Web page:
Gibson EB-1 Electric Bass Guitar (1953)

Gibson  EB-1 Electric Bass Guitar  (1953)

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Item # 8224
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Gibson EB-1 Model Electric Bass Guitar (1953), made in Kalamazoo, Michigan, serial # 3-2482, natural mahogany finish, mahogany body and neck, rosewood fingerboard, original brown hard shell case.

We think this is just about the coolest and most distinctive electric bass ever designed -- and one of the most eccentric! The "Gibson Electric Bass" (The EB-1 name was not used until 1958, when the semi-hollow EB-2 debuted) was first issued in mid-1953 and is one of the earliest solid-body basses. The "fiddle-shaped" body design is unique and owes nothing but general concept to the slightly earlier (late 1951) Fender Precision -- and was likely an inspiration to Hofner in Germany! Gibson president Ted McCarty wanted something that was as different from the Fender Bass as possible, and that's what the company delivered.

The violin-body EBs were introduced in mid-1953, heralded as "a revelation in rhythm" by Gibson's sales department. This particular bass has a serial number dating to the mid-1953 period, marking it one of the very first of the new model ever issued. The EB sold all of 105 units that first year and the model was produced in fairly small numbers from 1953 through '58, when they were replaced by the simpler slab-bodied EB-0. Gibson's sales records indicate a total of 546 sold.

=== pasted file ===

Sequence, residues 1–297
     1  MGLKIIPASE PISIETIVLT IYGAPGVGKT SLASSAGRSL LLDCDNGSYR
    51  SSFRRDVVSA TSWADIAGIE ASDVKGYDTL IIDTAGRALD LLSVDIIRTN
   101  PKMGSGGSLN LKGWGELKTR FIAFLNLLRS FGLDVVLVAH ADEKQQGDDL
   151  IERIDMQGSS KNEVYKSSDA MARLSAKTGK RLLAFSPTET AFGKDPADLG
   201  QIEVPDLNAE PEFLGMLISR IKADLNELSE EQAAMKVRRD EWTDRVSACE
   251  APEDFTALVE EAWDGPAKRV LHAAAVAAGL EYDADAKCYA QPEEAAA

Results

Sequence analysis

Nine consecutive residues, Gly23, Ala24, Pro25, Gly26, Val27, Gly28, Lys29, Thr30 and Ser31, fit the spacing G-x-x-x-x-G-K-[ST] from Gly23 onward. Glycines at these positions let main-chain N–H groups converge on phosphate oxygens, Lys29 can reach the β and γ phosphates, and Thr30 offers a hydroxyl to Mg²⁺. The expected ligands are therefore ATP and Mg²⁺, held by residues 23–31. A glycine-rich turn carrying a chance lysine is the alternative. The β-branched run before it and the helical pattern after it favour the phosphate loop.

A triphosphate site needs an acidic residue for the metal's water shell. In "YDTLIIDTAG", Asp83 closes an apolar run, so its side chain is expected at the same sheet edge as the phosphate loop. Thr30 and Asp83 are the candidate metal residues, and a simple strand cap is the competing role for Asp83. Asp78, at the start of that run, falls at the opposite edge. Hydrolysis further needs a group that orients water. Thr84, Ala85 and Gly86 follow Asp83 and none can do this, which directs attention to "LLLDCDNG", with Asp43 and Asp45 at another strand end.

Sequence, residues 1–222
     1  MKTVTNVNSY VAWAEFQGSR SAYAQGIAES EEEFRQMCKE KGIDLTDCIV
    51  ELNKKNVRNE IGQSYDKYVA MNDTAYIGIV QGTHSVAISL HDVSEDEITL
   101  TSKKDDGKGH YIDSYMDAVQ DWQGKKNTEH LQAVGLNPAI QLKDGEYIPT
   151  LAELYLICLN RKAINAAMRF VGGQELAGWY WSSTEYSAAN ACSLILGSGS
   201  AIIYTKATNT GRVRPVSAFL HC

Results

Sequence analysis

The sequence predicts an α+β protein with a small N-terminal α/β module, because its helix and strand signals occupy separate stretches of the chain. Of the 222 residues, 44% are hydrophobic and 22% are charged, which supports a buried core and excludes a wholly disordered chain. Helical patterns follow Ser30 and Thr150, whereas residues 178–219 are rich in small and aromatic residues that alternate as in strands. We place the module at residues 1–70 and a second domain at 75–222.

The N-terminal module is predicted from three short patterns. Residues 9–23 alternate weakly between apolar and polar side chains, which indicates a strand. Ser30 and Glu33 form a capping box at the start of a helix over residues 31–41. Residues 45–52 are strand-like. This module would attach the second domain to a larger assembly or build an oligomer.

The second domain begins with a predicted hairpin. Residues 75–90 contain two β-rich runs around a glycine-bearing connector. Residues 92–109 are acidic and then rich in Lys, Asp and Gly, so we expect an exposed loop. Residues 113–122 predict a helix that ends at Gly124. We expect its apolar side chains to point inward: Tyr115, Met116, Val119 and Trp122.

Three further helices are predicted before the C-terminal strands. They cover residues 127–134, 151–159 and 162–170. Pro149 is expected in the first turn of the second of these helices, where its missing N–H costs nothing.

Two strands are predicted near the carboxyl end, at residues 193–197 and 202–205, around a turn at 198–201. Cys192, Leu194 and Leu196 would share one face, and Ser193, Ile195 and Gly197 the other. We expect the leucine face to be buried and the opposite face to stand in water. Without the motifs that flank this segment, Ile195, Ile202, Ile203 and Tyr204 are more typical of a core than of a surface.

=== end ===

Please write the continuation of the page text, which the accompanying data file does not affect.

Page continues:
These early EB-1s are generally the clearest-sounding of the 30" scale Gibson basses. The large brown Royalite-covered pickup is actually a single coil unit; the huge coil is mounted on its side, which is why the polepieces sit at the bottom end. While still very powerful and deep-sounding, this pickup has more mid/high content than the 1958 and later humbucking versions.

The sculpted solid mahogany body has painted-on f-holes and "purfling" like a violin-family instrument, and a large (and seemingly superfluous) brown Royalite pickguard. Even the knobs and jackplate are tinted brown. The tuners at the top of the 30 1/2" scale mahogany neck are Kluson banjo units with keystone plastic buttons -- an odd choice Gibson persisted with up through 1960.

The Gibson Electric Bass has remained a connoisseur's oddity since its introduction. Although seen during the 1950s in the hands of the Flamingos, jump blues bandleader Lloyd Lambert, and most visibly Little Richard's Upsetters, the instrument never caught on in a big way.

In later years Felix Pappalardi, Jack Bruce, Doug Lubhan, and even (on occasion) John Paul Jones have made use of the Gibson EB, and it remains one of the company's most distinctive creations -- even if seeming a bit whimsical in retrospect. This very early model is as fine an example as we have ever had, complete in the original pink-lined brown HSC.
 
Overall length is 44 1/4 in. (112.4 cm.), 11 1/4 in. (28.6 cm.) wide at lower bout, and 1 3/4 in. (4.4 cm.) deep. Scale length is 30 1/2 in. (775 mm.). Width of nut is 1 11/16 in. (43 mm.).

This bass is very clean for its era, with some light wear but no damage or alterations. It remains 100% stock; even the fragile original brown plastic jack plate is still in place, and although it looks to have a crack on one side, it is still intact. There are small dings and dents to the finish, some belt buckle marks on the back into but not through the lacquer, and one small filled chip to the top face edge of the headstock.

Everything works as intended, and the original case is fully intact -- the only thing missing is the screw-in extendable post designed to allow stand-up play. The frets show hardly any wear, and it is set up with a set of real vintage flatwound strings that appear at least 40 years old and still sound great. A really nice example of a rare and historic bass; one of the very first Gibson bass guitars ever made. Excellent Condition.